Fidelity Brokerage Services LLC v. Rocine et al

Filing 35

ORDER by Judge Hamilton granting 12 Motion for TRO (pjhlc1, COURT STAFF) (Filed on 9/7/2017)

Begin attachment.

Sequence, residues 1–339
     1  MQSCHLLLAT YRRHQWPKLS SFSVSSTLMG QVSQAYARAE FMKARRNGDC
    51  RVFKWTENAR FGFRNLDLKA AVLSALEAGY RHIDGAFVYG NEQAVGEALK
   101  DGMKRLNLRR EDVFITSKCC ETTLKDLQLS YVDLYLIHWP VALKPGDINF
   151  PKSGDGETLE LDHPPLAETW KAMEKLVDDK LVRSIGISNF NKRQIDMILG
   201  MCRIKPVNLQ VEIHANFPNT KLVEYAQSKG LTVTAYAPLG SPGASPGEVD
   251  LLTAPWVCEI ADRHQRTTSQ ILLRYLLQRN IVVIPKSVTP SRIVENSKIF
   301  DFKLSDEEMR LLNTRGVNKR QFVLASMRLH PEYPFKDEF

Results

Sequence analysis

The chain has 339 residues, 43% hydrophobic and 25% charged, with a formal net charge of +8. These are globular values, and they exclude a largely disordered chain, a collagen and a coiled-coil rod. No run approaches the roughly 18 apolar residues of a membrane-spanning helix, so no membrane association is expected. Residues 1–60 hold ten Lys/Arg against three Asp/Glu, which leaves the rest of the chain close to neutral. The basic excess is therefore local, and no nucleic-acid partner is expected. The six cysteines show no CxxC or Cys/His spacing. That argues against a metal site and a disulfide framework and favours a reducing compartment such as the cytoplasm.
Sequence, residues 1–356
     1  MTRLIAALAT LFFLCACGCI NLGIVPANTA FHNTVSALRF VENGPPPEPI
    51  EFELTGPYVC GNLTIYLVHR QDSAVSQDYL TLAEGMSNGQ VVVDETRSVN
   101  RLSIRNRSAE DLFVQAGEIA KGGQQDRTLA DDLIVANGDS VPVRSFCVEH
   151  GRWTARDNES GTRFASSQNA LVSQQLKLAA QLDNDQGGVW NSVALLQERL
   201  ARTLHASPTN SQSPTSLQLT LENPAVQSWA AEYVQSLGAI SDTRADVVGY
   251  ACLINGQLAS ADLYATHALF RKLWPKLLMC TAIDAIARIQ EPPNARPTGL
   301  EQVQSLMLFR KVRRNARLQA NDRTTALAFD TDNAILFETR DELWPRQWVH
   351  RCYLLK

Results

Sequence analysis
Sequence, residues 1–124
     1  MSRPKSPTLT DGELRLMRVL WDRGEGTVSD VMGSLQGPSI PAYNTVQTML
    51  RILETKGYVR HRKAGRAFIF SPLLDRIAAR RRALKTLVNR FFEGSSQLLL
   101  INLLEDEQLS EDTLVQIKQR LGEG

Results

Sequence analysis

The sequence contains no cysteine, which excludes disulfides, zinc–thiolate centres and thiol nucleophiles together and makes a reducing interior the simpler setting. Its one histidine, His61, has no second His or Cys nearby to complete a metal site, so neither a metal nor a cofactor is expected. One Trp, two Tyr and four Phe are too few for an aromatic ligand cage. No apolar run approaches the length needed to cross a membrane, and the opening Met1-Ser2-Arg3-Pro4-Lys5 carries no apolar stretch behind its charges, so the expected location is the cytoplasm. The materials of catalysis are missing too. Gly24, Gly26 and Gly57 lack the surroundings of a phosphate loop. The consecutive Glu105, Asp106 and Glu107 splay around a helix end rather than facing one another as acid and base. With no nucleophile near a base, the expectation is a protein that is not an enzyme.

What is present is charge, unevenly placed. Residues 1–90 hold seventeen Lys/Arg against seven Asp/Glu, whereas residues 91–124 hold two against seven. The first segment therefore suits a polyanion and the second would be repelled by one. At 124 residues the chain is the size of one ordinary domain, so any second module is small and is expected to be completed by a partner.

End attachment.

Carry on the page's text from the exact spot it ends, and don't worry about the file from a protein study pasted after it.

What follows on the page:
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1 2 3 4 UNITED STATES DISTRICT COURT 5 NORTHERN DISTRICT OF CALIFORNIA 6 7 8 FIDELITY BROKERAGE SERVICES LLC, Case No. 17-cv-4993-PJH Plaintiff, 9 ORDER GRANTING APPLICATION FOR TEMPORARY RESTRAINING ORDER v. 10 11 BRETT ROCINE, et al., United States District Court Northern District of California Defendants. 12 13 14 Plaintiff’s application for a temporary restraining order (“TRO”) came on for hearing 15 before this court on September 6, 2017. Plaintiff appeared by its counsel Russell Beck 16 and Ryan Erickson, and defendant Brett Rocine appeared by his counsel Andrew 17 Hutchison and Leonard Weintraub. Having read the parties’ papers and carefully 18 considered their arguments and the relevant legal authority, and good cause appearing, 19 the court hereby GRANTS the application as follows. 20 BACKGROUND 21 Plaintiff Fidelity Brokerage Services LLC ("Fidelity") filed the complaint in this 22 action on August 28, 2017, asserting two claims of misappropriation of trade secrets, plus 23 claims of breach of contract, tortious interference with employment agreement, unjust 24 enrichment, and injunctive relief, against defendants Brett Rocine ("Rocine") and J.P. 25 Morgan Securities LLC ("JPMorgan"). 26 Rocine worked as a Financial Consultant at Fidelity's Larkspur, California, office 27 from October 2014 until July 20, 2017. He now works at JPMorgan in its Mill Valley, 28 California, office, as a Vice President, Private Client Advisor. JPMorgan and Fidelity are 1 direct competitors. Complaint ("Cplt") ¶¶ 3, 4, 6; Declaration of Peter Van Bemmel in 2 support of TRO application ("Van Bemmel Decl.") ¶ 3. 3 Fidelity provides its customers a variety of financial services, including financial 4 planning, retirement services, wealth management, securities execution and clearing, 5 and life insurance services. Cplt ¶ 19. Unlike most other retail brokerage companies, 6 Fidelity does not have its Account Executives, including its Financial Consultants, make 7 “cold calls” to prospective customers who have no established relationship with Fidelity. 8 Cplt ¶ 20. Instead, Fidelity requires its Financial Consultants to develop service relationships 10 based on leads that Fidelity provides, primarily prospective customers who have initiated 11 United States District Court Northern District of California 9 contact with Fidelity, or existing customers who have experienced a “triggering event” 12 such as a Fidelity 401(k) distributable event. Cplt ¶¶ 20-22. This lead-based approach to 13 supporting its Financial Consultants distinguishes Fidelity from other full-service 14 brokerages where individual brokers, rather than the firm, are responsible for establishing 15 customer relationships. Cplt ¶ 23. 16 Fidelity requires each employee to execute a standard Fidelity Employee 17 Agreement in which the employee agrees not to use or disclose Fidelity's confidential 18 information, including customer information. Cplt ¶ 7; Van Bemmel Decl. ¶¶ 8-9. Rocine 19 signed the Employee Agreement at the inception of his employment in 2012. Cplt ¶¶ 31- 20 34 & Exh. 1; Van Bemmel Decl. ¶ 8. 21 The Agreement defines “Confidential Information” as including "all information not 22 generally known to the public at the time made known to the Employee," which in turn 23 includes "trade secrets," "customer, prospect, vendor, and personnel lists," and "financial 24 and other personal information regarding customers and employees." Cplt Exh. 1 at ¶ 1. 25 The Agreement also includes a "Non-solicitation" provision, which prohibits an employee 26 during his/her time of employment, and for one year thereafter, from using "Confidential 27 Information" to solicit any Fidelity client to move his/her business away from Fidelity. Cplt 28 Exh. 1 ¶ 6. 2 Mr. Van Bemmel, Rocine's former supervisor, met with Rocine before Rocine 1 2 departed from Fidelity on July 20, 2017, and reminded him of his obligation not to use or 3 disclose Fidelity's confidential customer information. Cplt ¶¶ 5, 38; Van Bemmel Decl. 4 ¶ 12. In addition, on July 29, 2017, Fidelity sent Rocine a "separation letter," in which it 5 again reminded Rocine of his obligation not to use Fidelity's confidential information and 6 trade secret customer data, which Fidelity does not disclose to competitors and which it 7 protects using various safeguards. Cplt ¶¶ 25-30, 40-41 & Exh. 5; Van Bemmel Decl. 8 ¶ 14. 9 Beginning in late July, Fidelity began receiving reports that Rocine had been calling Fidelity's clients in an effort to divert their accounts to JPMorgan. Cplt. ¶ 43; Van 11 United States District Court Northern District of California 10 Bemmel Decl. ¶ 13; see also Declaration of Jess Perez ("Perez Decl.") ¶ 4. Fidelity 12 asserts that Rocine has been using names and contact information he obtained while 13 working at Fidelity. Cplt ¶ 43. 14 After Fidelity learned about this, it sent Rocine a cease-and-desist letter on August 15 7, 2017, reminding him he was not permitted to use Fidelity's confidential customer 16 information, including clients' names, addresses, telephone numbers, or account 17 information. Cplt ¶¶ 8, 43 & Exh. 6; Van Bemmel Decl. ¶ 15. Fidelity also requested that 18 Rocine return any confidential information in his possession. Cplt ¶ 43; Van Bemmel 19 Decl. ¶ 15. 20 Although Rocine did not respond to the letter, JPMorgan did respond, by email on 21 August 9, 2017, advising Fidelity that Rocine was aware of his obligations, and stating 22 that “Mr. Rocine assures us that he did not retain a client list or any other confidential 23 documents or property from Fidelity.” Cplt ¶¶ 44, 45 & Exh. 7; Van Bemmel Decl. ¶ 16 & 24 Exh. 7. Fidelity asserts, however, that notwithstanding JPMorgan's assurances, it has 25 received reports directly from its customers that Rocine has been soliciting them to 26 transfer their accounts to JPMorgan. Cplt ¶ 46; Van Bemmel Decl. ¶¶ 17, 18. 27 28 According to Fidelity, over the period July 31, 2017, to August 22, 2017, at least six different Fidelity clients reported that Rocine had contacted them and solicited them to 3 1 move their accounts to JPMorgan. Cplt ¶¶ 47-53 (citing reports by Fidelity customers 2 identified as "EC," "GP," "PS," "KM," "GN," and "AN"); see also Van Bemmel Decl. ¶¶ 20- 3 23 & Exhs. 7-8; Supp. Van Bemmel Decl. ¶ 3-7 & Exh. 1; Perez Decl. ¶¶ 5-11 & Exhs. 1- 4 6. Fidelity contends that Rocine could not have known of the existence of these 5 customers unless he took confidential information with him when he left Fidelity. Cplt 6 ¶ 54; Van Bemmel Decl. ¶¶ 13, 27. Fidelity filed the complaint in the present action on August 28, 2017, asserting six 7 8 causes of action – misappropriation of trade secrets (under both the Defend Trade 9 Secrets Act of 2016 ("DTSA") and the California Uniform Trade Secrets Act ("CUTSA")), against both JPMorgan and Rocine; breach of contract, against Rocine; tortious 11 United States District Court Northern District of California 10 interference with employment agreement, against JPMorgan; unjust enrichment, against 12 Rocine; and injunctive relief, against both defendants. 13 Fidelity, JPMorgan, and Rocine are subject to the arbitration rules and regulations 14 of the Financial Industry Regulatory Authority ("FINRA"), pursuant to FINRA Rule 13200. 15 Cplt ¶ 11. Although this dispute will ultimately be decided in binding arbitration before 16 FINRA, pursuant to FINRA Rule 13804, Fidelity is required to seek and obtain immediate 17 injunctive relief in a court of competent jurisdiction before an expedited FINRA arbitration 18 can proceed. Cplt ¶ 11. Fidelity asserts that once a restraining order is issued by this court, an expedited 19 20 arbitration can be scheduled with FINRA within 15 days of the entry of the TRO. Cplt 21 ¶ 11. If no TRO is issued, the FINRA arbitration cannot proceed on an expedited basis, 22 and will instead be assigned to a standard-track arbitration, which Fidelity contends might 23 not take place for a year or more. Cplt ¶ 11. DISCUSSION 24 25 26 A. Legal Standard Federal Rule of Civil Procedure 65 provides federal courts with the authority to 27 issue temporary restraining orders and preliminary injunctions. Fed. R. Civ. P. 65(a), (b). 28 Generally, the purpose of a preliminary injunction is to preserve the status quo and the 4 1 rights of the parties until a final judgment on the merits can be rendered, see U.S. Philips 2 Corp. v. KBC Bank N.V., 590 F.3d 1091, 1094 (9th Cir. 2010), while the purpose of a 3 temporary restraining order is to preserve the status quo before a preliminary injunction 4 hearing may be held. See Granny Goose Foods, Inc. v. Bhd. of Teamsters and Auto 5 Truck Drivers, 415 U.S. 423, 439 (1974)). Requests for temporary restraining orders are governed by the same general legal 6 7 general standards that govern the issuance of a preliminary injunction. See New Motor 8 Vehicle Bd. v. Orrin W. Fox Co., 434 U.S. 1345, 1347 n.2 (1977); Stuhlbarg Int’l Sales 9 Co., Inc. v. John D. Brush & Co., Inc., 240 F.3d 832, 839 n.7 (9th Cir. 2001). An injunction is a matter of equitable discretion and is “an extraordinary remedy 10 United States District Court Northern District of California 11 that may only be awarded upon a clear showing that the plaintiff is entitled to such relief.” 12 Winter v. Natural Res. Def. Council, Inc., 555 U.S. 7, 22 (2008); see also Munaf v. Geren, 13 553 U.S. 674, 689-90 (2008). A preliminary injunction “should not be granted unless the 14 movant, by a clear showing, carries the burden of persuasion.” Mazurek v. Armstrong, 15 520 U.S. 968, 972 (1997) (per curiam) (citation omitted). A plaintiff seeking a preliminary injunction must establish that he is likely to 16 17 succeed on the merits, that he is likely to suffer irreparable harm in the absence of 18 preliminary relief, that the balance of equities tips in his favor, and that an injunction is in 19 the public interest. Winter, 555 U.S. at 20. Alternatively, the plaintiff may demonstrate 20 that the likelihood of success is such that “serious questions going to the merits were 21 raised and that the balance of hardships tips sharply in the plaintiff's favor,” so long as 22 the other two elements of the Winter test are met. Alliance for Wild Rockies v. Cottrell, 23 632 F.3d 1127, 1131-32 (9th Cir. 2011). 24 B. 25 Fidelity's Application for a TRO Fidelity seeks a TRO enjoining both JPMorgan and Brett Rocine from using, 26 disclosing, transmitting, and continuing to possess, for any purpose, including to solicit 27 any customer or prospective customer of Fidelity, the information contained in the 28 records of Fidelity, including but not limited to the names, addresses, telephone numbers, 5 1 email addresses, and confidential financial information of any customers Rocine learned 2 of through his employment with Fidelity. Fidelity argues that it is entitled to injunctive relief because it can demonstrate 3 4 a likelihood of success on the merits, a likelihood of irreparable harm in the absence of 5 preliminary relief, that the balance of equities tips in its favor, and that an injunction is in 6 the public interest. 7 1. 8 Fidelity first contends that it has a strong likelihood of success on the merits, 9 Likelihood of success on the merits because it has demonstrated that defendants misappropriated Fidelity's trade secret information, and that Rocine breached the Employment Agreement by using Fidelity’s 11 United States District Court Northern District of California 10 “Confidential Information” to solicit Fidelity’s customers. Fidelity cites to the declarations 12 and other evidence supporting its claim that Rocine repeatedly contacted his former 13 clients at Fidelity to solicit their business on behalf of JPMorgan. In opposition, Rocine contends that he did not misappropriate any Fidelity 14 15 confidential or trade secret information. He claims that he took nothing with him when he 16 left Fidelity – no client list, and no other documents or information, including contact 17 information, account numbers, account balances, or social security numbers. Declaration 18 of Brett Rocine (“Rocine Decl.”) ¶¶ 5-6. Rocine asserts that after joining JPMorgan, he "made a list from memory of a 19 20 small number" of his former clients at Fidelity, because he wanted to inform them that he 21 had moved to JPMorgan, Rocine Decl. ¶ 9, which he contends is not an improper 22 solicitation. He claims that the list contained approximately 25-30 names of his former 23 Fidelity clients (out of approximately 1,000 clients he serviced while he was at Fidelity). 24 Id. 25 Rocine claims that after creating this list (from memory), he searched the 26 JPMorgan computer system to try to obtain their contact information, in the event they 27 were also JPMorgan clients. Id. He asserts that "virtually all" the Fidelity clients he 28 looked up on the JPMorgan system also had "some type of account" at JPMorgan. Id. 6 1 For "the few" Fidelity clients who he did not locate in the JPMorgan system, he searched 2 publicly-available databases for those names, and was able to find contact information 3 (phone numbers) for all of them. Id. 4 Rocine claims he then called the approximately 25-30 Fidelity customers to let 5 them know he had left Fidelity and was working at JPMorgan. Rocine Decl. ¶ 10. He 6 asserts that he spoke with only 15-20 of those former clients, and left voicemail 7 messages for the rest. Id. He contends that he did not initiate further calls to any of 8 those former clients if they did not contact him or ask him to call them. Id. He claims that 9 beyond those 25-30 former Fidelity clients, he has not contacted any of the remaining 10 United States District Court Northern District of California 11 approximately 1,000 clients he serviced while at Fidelity. Rocine Decl. ¶ 11. As for the allegations regarding the six Fidelity customers who allegedly claim that 12 Rocine contacted them repeatedly and tried to persuade them to move their accounts to 13 JPMorgan, Rocine denies that he left multiple messages or solicited any business. 14 Rocine Decl. ¶¶ 14-20. He contends that he has a "strong relationship" with one of the 15 Fidelity clients that he contacted, and that that person has called him several times 16 wanting to know more about his new job at JPMorgan, and that the two of them had 17 lunch one time in August. Rocine Decl. ¶ 18. 18 Rocine also argues as a general proposition that customer lists and general 19 customer information do not necessarily constitute trade secrets, because information is 20 not a trade secret when it is readily ascertainable through public sources. His counsel 21 argued further at the hearing that Fidelity’s customer lists cannot be protectable trade 22 secrets if, as provided in the Employment Agreement, a departing Fidelity employee is 23 barred from using such information to solicit business for only one year after leaving 24 his/her employment at Fidelity. 25 The court finds it unnecessary to determine whether the information regarding 26 Fidelity’s customers constitutes trade secrets, because it finds that Fidelity has 27 established a likelihood of success on the merits as to the claim of breach of contract. 28 Rocine does not dispute that he is bound by the Employee Agreement, which prohibits 7 1 him from using Fidelity’s “Confidential Information” to solicit any Fidelity client to move 2 his/her business away from Fidelity for a period of one year following his departure from 3 Fidelity. At the hearing, Rocine’s counsel attempted to argue that nothing precludes Rocine 4 5 from soliciting his former Fidelity clients, and also asserted that he has not solicited 6 anything from any former client. The court is persuaded, however, that the 7 contemporaneous notes of customer calls maintained by Fidelity, which are supported by 8 Mr. Perez’s descriptions of his conversations with those customers, plus the recording of 9 the customer voice-mail which was played by Fidelity’s counsel at the hearing, provide sufficient support for Fidelity’s claim that Rocine used Fidelity’s “Confidential Information” 11 United States District Court Northern District of California 10 to solicit its customers.1 The court finds it disingenuous, at best, for Rocine to claim that he did not “use” 12 13 Fidelity’s “Confidential Information” to solicit Fidelity’s customers because all he did after 14 his departure was put together a list of customers “from memory” and then look up their 15 contact information in JPMorgan’s account databases or in publicly-available databases. 16 The fact remains that he would not have known whose name to look up had he not first 17 obtained the names during the course of his employment at Fidelity. 18 2. Irreparable harm 19 Next, Fidelity argues that it has established a likelihood of irreparable harm as a 20 result of defendants' wrongful and ongoing acts. Fidelity claims that is has suffered and 21 is suffering irreparable harm through loss of both its confidential information (including 22 trade secrets) and its customer goodwill, even among customers who have declined 23 defendants’ solicitations to transfer and/or who have reported being uncomfortable with 24 25 26 27 28 1 Rocine argues that the reports of customer calls are hearsay, and thus inadmissible. In general, however, because of the urgency involved, and the limited time that TROs remain in effect, declarations and evidence supporting an application for a TRO need not conform to the standards for a summary judgment motion or the Federal Rules of Evidence. See Schwarzer, et al., Fed. Civ. P. Before Trial (2017 ed.) § 13:105 (citing Johnson v. Couturier, 572 F.3d 1067, 1083 (9th Cir. 2009); Flynt Distrib. Co., Inc. v. Harvey, 734 F.2d 1389, 1394 (9th Cir. 1984)). 8 1 Rocine’s conduct and message. 2 Fidelity contends that defendants’ theft and use of highly sensitive customer 3 information threatens to cause Fidelity customers to perceive that Fidelity does not 4 protect the security of their confidential financial information. Fidelity cites to comments 5 made by some of the customers Rocine contacted, who reported, for example, that they 6 were concerned about the protection of their private financial information or that they 7 perceived Rocine’s actions as “unprofessional.” 8 9 In opposition, Rocine argues that Fidelity cannot demonstrate that it faces any prospect of irreparable harm. Rocine asserts that more than two months have passed since his departure from Fidelity, without a single Fidelity client having moved his/her 11 United States District Court Northern District of California 10 account from Fidelity to JPMorgan. See Rocine Decl. ¶ 12. Thus, he argues, it is difficult 12 to tell what "irreparable harm" Fidelity will suffer if no injunction issues, and in particular, it 13 is unclear what "status quo" Fidelity is seeking to have altered by an injunction. 14 In addition, Rocine argues, a temporary loss of income, or any money damages, is 15 not sufficient to constitute "irreparable harm." He contends that the threatened injury is 16 amenable to mathematically precise computation – for each customer that leaves Fidelity 17 for JPMorgan, the trade lost by Fidelity can be calculated. Rocine argues that such 18 amounts cannot constitute irreparable harm. 19 The court finds that Fidelity has shown the likelihood of significant irreparable 20 harm if Rocine is not enjoined from using its client confidential information, at least until 21 the merits of Fidelity’s claim have been resolved in the FINRA arbitration. While Rocine 22 is correct that monetary injury alone is not “irreparable,” see Sampson v. Murray, 415 23 U.S. 61, 90 (1974), Fidelity has also made a showing of a likelihood of harm that may be 24 truly irreparable. For example, if Rocine continues to pursue business from his former 25 Fidelity clients, Fidelity will suffer harm to its reputation if it is perceived to have violated 26 or allowed the violation of its clients’ confidential contact information. See Stuhlbarg, 240 27 F.3d at 841 (“Evidence of threatened loss of prospective customers or goodwill certainly 28 supports a finding of possible irreparable harm.”). 9 1 3. Balance of hardships and public interest 2 Finally, Fidelity argues that both the balance of equities and the public interest 3 strongly favor granting the requested injunctive relief. Fidelity claims that the benefit of 4 injunctive relief far outweighs any detriment to defendants, as an injunction would protect 5 Fidelity's valuable trade secrets, goodwill, business reputation, methods of business 6 operations, and contract rights. Fidelity asserts that any injunction would be focused on 7 preventing defendants from using Fidelity's confidential information, and such an order 8 would not cause significant hardship to defendants because it would only require them to 9 comply with existing law. 10 In response, Rocine contends that balancing the risks of harm dictates denial of an United States District Court Northern District of California 11 injunction. He claims that he would face a "profound injury" were an injunction to be 12 issued – because an injunction would "effectively inhibit his clients from doing business 13 with him" – and that by contrast, Fidelity will suffer no irreparable harm if an injunction is 14 denied. 15 Fidelity also contends that the public interest will be served by granting injunctive 16 relief, because without injunctive relief, individuals such as Rocine will be free to 17 misappropriate their former employer's confidential information with impunity, and 18 competing brokerage institutions will continue to recruit Fidelity employees who can 19 share its confidential customer information. 20 In response, Rocine argues that issuance of an injunction would be "significantly 21 injurious" to the public, because he has clients who wish to continue to do business with 22 him. He contends that the clear public interest in allowing individuals to continue to 23 receive services of their established and trusted investment advisor mandates denial of 24 plaintiff's request for injunctive relief. 25 The court finds that the balance of hardships and the public interest both favor the 26 issuance of a TRO. Rocine’s argument is essentially that the issuance of a TRO will 27 harm him because it will interfere with his ability to service those clients who might wish 28 to transfer their accounts to JPMorgan. However, nothing in the TRO precludes Rocine 10 1 from sending his former clients a written announcement regarding his move to JPMorgan, 2 and nothing will preclude Fidelity customers from transferring their accounts to 3 JPMorgan. What the TRO bars is the use by Rocine of Fidelity’s customer information – 4 whether that information is stored in his brain or located elsewhere – to solicit customers 5 to transfer their accounts. CONCLUSION 6 In accordance with the foregoing, the court hereby GRANTS Fidelity’s application 7 8 for a TRO. With regard to the question concerning the duration of the TRO, the court 9 notes that while a TRO issued without notice expires automatically within the time set in the order, not to exceed 14 days, and may be extended for another 14 days “for good 11 United States District Court Northern District of California 10 cause” or by consent of both parties, Fed. R. Civ. P. 65(b)(2), there is no time limit or 12 other requirements clearly set in the Federal Rules for the court to set the hearing on the 13 motion for preliminary injunction where the TRO was issued with notice. See Schwarzer, 14 et al., § 13:126. Accordingly, the duration of the TRO will be 14 days, with an extension 15 of 14 days, or 28 days, to allow for the dispute to be submitted for arbitration.2 Within that 28 days, Fidelity must initiate the FINRA arbitration and determine 16 17 whether a motion for a preliminary injunction will be filed. Given that a preliminary 18 injunction would, if granted, preliminarily adjudicate the merits of a dispute whose merits 19 will be decided in an arbitral forum rather than by this court, the court sees no utility in 20 scheduling a hearing for such a motion. The parties shall meet and confer and advise 21 the court what if any further action they contemplate in this court. 22 The court ORDERS as follows: 23 1. 24 Effective immediately, defendants are enjoined from, either directly or indirectly, and whether acting alone or in concert with others, using, disclosing, 25 26 27 28 2 Regardless of the fact that Rule 65 does not clearly address the duration of a TRO issued with notice, the court finds, based on the nature of the relief provided, that a TRO cannot be extended indefinitely, even upon notice and hearing. Thus the court issues the TRO for the maximum duration specified under Rule 65(b)(2). See Schwarzer, et al., § 13:133. 11 1 transmitting, and continuing to possess for any purpose, including to solicit, induce, or 2 attempt to induce any customer or prospective customer of Fidelity, the information 3 contained in the records of Fidelity, including, but not limited to, the names, addresses, 4 telephone numbers, email addresses and confidential financial information of the 5 customers Rocine learned of through his employment with Fidelity; 6 2. Defendants, and anyone acting in concert with them, including any agent, 7 employee, officer or representative of JPMorgan, or any other business for which Rocine 8 performs services, shall return to Fidelity all records, documents and/or information 9 pertaining to Fidelity customers, whether in electronic, handwritten or any other form within five (5) days of entry of this order, including any and all copies. This requirement 11 United States District Court Northern District of California 10 includes all records or documents, in any form, created by defendants, including 12 documents created from memory, or anyone acting in concert with them, based on 13 documents or information that was received or removed from Fidelity by Rocine; 14 15 16 17 18 3. Rocine shall file a declaration attesting that he has returned to Fidelity all information subject to this order within seven (7) days from the date of entry of the order; 4. JPMorgan shall file a declaration attesting that it has returned to Fidelity all information subject to this order within seven (7) days from the date of entry of the order; 5. Pursuant to the requirements of sections 3 and 4 of the Federal Arbitration 19 Act, 9 U.S.C. §§ 3-4, the parties will proceed to an expedited arbitration hearing on the 20 merits before a duly appointed panel of arbitrators pursuant to Rule 13804 of the 21 FINRA Code of Arbitration Procedure; 22 6. This order is effective immediately and does not require the posting of an 23 injunction bond. 24 25 IT IS SO ORDERED. 26 Dated: September 7, 2017 27 28 __________________________________ PHYLLIS J. HAMILTON United States District Judge 12